Michael Veseth has had it with too-convenient metaphors of globalization such as McDonalds and Michael Jordan. It’s all baloney – err, "globaloney."
Globaloney: Unraveling the Myths of Globalization challenges the rhetoric of Thomas Friedman, Benjamin Barber, William Greider, and other globalization commentators as high on words and images but low on accurate content. Veseth’s previous book was critical of globalization, but in this thin volume he’s more upbeat. In fact, he spends most of the time challenging doomsayers. Americans who look out and see McDonald’s everywhere and groan "Americanization" are really Americans looking for symbols of their homeland. People who bemoan the erosion of local culture as overtaken by massive corporate culture are blind to the reality – people have more choices than ever before, the "bottom" of the market is better than it’s ever been, and competition for high quality product is as active as ever.
He’s on-point when discussing sports analogies. He identifies basketball, for example, as a winner-takes-all market. Michael Jordan isn’t on the walls of an Argentinian fan because of some American takeover. He’s on the wall because he’s the best. Why would you want to cheer for the second best? Also, basketball was spread by YMCA missionaries a century ago and was played by people around the world well before it became popular in the U.S.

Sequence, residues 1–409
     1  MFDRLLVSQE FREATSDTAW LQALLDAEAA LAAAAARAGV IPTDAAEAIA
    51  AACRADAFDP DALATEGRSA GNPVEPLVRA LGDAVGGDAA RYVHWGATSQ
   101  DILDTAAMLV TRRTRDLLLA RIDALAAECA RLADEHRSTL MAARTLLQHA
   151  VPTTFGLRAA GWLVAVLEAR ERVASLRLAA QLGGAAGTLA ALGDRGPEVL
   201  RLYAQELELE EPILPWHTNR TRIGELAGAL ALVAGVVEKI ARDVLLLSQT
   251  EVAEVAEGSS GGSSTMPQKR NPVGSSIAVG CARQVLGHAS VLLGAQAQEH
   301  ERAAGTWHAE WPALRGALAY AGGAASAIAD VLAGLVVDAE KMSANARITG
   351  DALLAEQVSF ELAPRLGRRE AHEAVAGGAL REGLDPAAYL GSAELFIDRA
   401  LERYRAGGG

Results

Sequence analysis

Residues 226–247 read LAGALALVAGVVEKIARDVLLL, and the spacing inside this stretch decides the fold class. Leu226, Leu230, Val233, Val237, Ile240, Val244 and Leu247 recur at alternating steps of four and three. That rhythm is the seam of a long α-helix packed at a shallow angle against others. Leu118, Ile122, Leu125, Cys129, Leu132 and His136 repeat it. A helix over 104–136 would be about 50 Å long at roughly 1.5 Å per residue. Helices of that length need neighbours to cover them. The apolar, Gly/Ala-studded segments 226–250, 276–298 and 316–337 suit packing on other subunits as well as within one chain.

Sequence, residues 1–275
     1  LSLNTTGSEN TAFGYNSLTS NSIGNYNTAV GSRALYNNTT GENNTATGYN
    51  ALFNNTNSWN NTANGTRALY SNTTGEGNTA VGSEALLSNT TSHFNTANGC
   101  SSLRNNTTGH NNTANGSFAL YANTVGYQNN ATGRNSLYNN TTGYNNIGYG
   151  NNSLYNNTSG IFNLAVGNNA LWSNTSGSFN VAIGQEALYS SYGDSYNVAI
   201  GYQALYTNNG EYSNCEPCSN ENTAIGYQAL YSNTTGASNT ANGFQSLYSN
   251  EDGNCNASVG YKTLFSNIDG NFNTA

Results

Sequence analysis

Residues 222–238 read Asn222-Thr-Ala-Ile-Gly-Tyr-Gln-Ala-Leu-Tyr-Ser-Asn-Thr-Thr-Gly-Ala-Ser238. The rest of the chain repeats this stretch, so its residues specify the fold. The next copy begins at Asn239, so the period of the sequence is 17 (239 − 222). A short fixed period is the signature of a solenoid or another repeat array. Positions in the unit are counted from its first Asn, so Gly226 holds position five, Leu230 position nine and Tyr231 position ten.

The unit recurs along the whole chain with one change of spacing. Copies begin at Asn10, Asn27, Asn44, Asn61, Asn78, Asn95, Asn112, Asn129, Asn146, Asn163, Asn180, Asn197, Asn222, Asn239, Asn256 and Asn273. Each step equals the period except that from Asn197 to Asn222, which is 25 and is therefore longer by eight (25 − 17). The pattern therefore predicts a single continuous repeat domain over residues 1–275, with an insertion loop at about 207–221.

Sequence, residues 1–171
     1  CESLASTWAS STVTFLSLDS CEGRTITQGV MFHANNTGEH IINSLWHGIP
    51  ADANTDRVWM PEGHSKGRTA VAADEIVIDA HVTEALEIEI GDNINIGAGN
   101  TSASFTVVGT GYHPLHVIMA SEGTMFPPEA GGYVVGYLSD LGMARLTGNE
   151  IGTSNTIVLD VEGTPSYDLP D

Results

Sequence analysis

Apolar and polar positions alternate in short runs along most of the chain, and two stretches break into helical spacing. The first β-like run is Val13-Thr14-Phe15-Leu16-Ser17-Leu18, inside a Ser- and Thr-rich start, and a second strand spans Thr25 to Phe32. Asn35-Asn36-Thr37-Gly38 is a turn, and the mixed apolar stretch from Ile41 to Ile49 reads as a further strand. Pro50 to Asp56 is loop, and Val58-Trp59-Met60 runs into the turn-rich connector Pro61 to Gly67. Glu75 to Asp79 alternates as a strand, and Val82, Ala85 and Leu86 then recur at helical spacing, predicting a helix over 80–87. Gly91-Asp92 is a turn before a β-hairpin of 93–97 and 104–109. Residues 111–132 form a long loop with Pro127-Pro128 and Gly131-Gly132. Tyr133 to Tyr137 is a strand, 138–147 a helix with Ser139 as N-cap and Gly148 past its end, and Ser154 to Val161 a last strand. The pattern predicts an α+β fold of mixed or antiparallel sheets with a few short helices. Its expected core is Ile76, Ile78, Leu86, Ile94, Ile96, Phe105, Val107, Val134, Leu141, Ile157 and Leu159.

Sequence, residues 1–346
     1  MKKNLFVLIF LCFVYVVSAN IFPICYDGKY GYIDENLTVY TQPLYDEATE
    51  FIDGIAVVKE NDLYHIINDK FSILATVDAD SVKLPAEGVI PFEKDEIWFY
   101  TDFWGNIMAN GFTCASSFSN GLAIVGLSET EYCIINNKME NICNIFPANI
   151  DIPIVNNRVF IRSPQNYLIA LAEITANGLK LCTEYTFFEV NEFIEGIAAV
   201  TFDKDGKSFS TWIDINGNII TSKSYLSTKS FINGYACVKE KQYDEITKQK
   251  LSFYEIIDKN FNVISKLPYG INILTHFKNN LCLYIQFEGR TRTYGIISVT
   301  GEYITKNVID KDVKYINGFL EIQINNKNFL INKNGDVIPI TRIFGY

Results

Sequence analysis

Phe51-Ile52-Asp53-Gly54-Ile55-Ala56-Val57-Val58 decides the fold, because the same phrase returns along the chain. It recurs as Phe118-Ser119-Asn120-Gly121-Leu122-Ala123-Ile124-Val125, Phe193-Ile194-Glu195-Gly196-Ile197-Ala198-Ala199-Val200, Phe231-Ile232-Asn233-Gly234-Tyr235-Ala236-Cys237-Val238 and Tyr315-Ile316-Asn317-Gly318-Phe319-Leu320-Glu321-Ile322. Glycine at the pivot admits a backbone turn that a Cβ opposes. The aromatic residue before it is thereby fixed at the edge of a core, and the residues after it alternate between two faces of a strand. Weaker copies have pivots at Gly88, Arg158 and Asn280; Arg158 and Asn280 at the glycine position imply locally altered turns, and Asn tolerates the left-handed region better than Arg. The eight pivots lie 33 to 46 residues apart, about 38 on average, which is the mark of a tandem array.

The frustrating part of this book is how it does not move any argument forward; rather, it simply reacts to arguments already set forth. Its thesis is humble: as Veseth says in the conclusion, his goal is to simply train people how to detect "globaloney" in a pro or anti-globalization argument. After all, it’s a massively complex issue with a gazillion dimensions. I couldn’t agree more, but an ending that resorts to "Ahh! The complexity!" leaves something to be desired.